In the first place, nothing in the Hinson decision supports such a distinction. Although the issue in Hinson arose in a declaratory judgment context, as we discuss below the decision itself endorses procedural protections which were specifically designed for unlawful detainer proceedings. (See infra, at pp. 636-637.) Moreover, a number of the out-of-state decisions on which the Hinson court based its opinion explicitly applied this warranty of habitability doctrine in an unlawful detainer context. (See Marini v. Ireland (1970) 56 N.J. 130 [ 265 A.2d 526, 40 A.L.R.3d 1356]; Javins v. First National Realty Corporation (1970) 428 F.2d 1071 [138 App. D.C. 369]; see also Jack Spring, Inc. v. Little (1972) 50 Ill.2d 351 [ 280 N.E.2d 208]; Rome v. Walker (1972) 38 Mich. App. 458 [ 196 N.W.2d 850].)
Second, and more fundamentally, we have concluded that even apart from the Hinson decision, no legal doctrine bars a tenant from raising such a critical defense in an unlawful detainer action. We note initially that absolutely nothing in the statutory provisions governing unlawful detainer proceedings prohibits the assertion of any defense.
Section 1170 of the Code of Civil Procedure provides that in summary unlawful detainer proceedings "the defendant may appear and answer or demur" (italics added), and under section 431.30, an "answer" may contain "[a] statement of any new matter constituting a defense" but may not claim affirmative relief. Thus, nothing in the statutory scheme precludes a defendant from interposing an affirmative defense in an unlawful detainer proceeding.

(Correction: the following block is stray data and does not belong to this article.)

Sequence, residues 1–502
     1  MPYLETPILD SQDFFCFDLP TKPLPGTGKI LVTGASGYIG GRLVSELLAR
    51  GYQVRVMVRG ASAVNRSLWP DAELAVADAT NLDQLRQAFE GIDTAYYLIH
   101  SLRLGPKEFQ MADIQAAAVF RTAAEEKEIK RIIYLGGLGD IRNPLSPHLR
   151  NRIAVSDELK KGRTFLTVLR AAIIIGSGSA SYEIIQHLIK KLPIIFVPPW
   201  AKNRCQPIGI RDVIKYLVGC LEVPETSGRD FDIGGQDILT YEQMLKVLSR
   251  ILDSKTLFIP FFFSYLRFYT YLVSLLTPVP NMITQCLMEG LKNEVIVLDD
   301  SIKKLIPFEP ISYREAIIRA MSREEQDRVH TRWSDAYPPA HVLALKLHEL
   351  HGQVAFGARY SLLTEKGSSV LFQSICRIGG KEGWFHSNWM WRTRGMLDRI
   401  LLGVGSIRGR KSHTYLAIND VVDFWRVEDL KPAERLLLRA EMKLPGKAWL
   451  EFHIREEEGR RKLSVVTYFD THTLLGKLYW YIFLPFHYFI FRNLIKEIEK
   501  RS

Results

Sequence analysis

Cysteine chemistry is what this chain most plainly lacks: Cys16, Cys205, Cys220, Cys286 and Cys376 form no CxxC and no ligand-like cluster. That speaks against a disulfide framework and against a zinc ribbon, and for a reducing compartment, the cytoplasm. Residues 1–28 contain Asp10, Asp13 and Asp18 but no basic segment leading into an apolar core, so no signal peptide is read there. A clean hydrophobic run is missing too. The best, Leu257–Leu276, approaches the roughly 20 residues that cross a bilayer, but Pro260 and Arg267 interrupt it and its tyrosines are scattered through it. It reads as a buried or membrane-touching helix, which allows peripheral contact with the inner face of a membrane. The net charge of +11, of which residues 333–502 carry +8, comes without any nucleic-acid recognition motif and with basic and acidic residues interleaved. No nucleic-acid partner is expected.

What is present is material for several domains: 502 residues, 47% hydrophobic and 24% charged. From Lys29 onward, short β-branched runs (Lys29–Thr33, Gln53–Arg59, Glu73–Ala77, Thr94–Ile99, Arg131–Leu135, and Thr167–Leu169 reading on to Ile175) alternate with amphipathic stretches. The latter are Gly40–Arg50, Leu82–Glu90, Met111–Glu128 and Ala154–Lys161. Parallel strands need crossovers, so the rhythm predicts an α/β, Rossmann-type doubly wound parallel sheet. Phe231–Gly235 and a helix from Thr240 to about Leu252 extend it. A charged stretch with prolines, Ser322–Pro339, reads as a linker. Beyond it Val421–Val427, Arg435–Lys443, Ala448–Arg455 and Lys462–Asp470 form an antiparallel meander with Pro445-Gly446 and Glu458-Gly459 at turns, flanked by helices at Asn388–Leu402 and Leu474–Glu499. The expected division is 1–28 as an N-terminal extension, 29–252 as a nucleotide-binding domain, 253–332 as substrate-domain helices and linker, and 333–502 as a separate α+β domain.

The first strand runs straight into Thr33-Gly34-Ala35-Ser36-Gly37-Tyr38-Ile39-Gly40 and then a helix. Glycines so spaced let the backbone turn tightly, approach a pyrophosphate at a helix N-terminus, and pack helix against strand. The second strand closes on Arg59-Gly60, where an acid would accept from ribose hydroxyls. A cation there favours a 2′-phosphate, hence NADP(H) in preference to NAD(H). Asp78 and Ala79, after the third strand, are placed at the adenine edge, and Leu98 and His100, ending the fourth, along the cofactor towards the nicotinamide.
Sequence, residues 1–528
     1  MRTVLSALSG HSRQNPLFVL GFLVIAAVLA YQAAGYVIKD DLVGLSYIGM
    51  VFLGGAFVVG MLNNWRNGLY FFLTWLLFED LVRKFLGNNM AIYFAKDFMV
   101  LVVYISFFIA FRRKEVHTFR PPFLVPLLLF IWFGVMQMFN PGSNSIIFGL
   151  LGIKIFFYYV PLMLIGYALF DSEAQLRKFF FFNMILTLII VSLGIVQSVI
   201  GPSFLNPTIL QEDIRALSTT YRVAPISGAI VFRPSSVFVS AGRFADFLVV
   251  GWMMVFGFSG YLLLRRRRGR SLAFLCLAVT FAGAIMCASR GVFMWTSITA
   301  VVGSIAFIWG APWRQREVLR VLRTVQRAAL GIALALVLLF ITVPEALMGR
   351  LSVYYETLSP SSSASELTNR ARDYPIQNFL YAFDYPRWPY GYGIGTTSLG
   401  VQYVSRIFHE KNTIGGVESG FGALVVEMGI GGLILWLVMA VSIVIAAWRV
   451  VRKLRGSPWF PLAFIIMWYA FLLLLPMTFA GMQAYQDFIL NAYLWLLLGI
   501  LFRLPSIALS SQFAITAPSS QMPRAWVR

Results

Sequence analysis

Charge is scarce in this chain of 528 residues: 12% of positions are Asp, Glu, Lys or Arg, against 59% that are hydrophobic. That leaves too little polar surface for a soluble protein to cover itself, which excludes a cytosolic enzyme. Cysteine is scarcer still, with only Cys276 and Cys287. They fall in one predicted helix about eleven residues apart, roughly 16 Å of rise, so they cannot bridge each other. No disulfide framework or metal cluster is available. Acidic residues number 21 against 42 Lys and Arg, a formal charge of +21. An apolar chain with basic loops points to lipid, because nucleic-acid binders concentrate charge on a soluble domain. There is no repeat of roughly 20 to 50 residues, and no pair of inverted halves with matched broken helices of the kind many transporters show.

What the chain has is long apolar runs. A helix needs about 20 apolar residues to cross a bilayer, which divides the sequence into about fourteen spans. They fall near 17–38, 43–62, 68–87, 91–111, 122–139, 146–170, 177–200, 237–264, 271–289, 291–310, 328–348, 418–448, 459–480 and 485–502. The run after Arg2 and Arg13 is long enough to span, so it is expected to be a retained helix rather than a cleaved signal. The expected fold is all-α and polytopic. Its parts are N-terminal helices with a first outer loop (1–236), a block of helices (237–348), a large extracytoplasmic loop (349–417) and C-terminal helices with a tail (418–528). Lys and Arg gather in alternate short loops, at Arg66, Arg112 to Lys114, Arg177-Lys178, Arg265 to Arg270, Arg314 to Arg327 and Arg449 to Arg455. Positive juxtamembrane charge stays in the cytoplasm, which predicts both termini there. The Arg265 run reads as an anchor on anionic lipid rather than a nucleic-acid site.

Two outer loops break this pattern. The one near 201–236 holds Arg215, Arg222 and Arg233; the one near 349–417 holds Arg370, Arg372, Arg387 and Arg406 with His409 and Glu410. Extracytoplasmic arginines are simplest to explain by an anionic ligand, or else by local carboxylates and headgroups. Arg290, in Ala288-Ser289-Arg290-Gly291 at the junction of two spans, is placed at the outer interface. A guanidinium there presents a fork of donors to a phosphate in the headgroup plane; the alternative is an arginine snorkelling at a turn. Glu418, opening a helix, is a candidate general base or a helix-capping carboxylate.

The landlord contends, however, that to preserve the summary nature of the procedure, California courts have in the past limited the matters which may be raised by a defendant in an unlawful detainer action, and that these judicially created limits foreclose the tenant from utilizing a breach of warranty defense.
The doctrine invoked by the landlord was most recently analyzed by our court in Knowles v. Robinson (1963) 60 Cal.2d 620, 625 [ 36 Cal.Rptr. 33, 387 P.2d 833]. In Knowles we explained: "[W]here an objection is interposed in an action for unlawful detainer, no cross-complaint or counterclaim may survive. The remedy of unlawful detainer is designed to provide means by which the timely possession of premises which are wrongfully withheld may be secured to the person entitled thereto. The summary character of the action would be defeated if, by cross-complaint or counterclaim, issues irrelevant to the right of immediate possession could be introduced." (Italics added.) The court in Lakeside Park Assn. v. Keithly (1941) 43 Cal.App.2d 418, 422 [ 110 P.2d 1055], similarly observed that: "The reason for this rule is that the statute provides for the action of unlawful detainer as a summary proceeding, . . . and that the injecting of other issues extrinsic to the right of possession may defeat the very purpose of the statute." (Italics added.)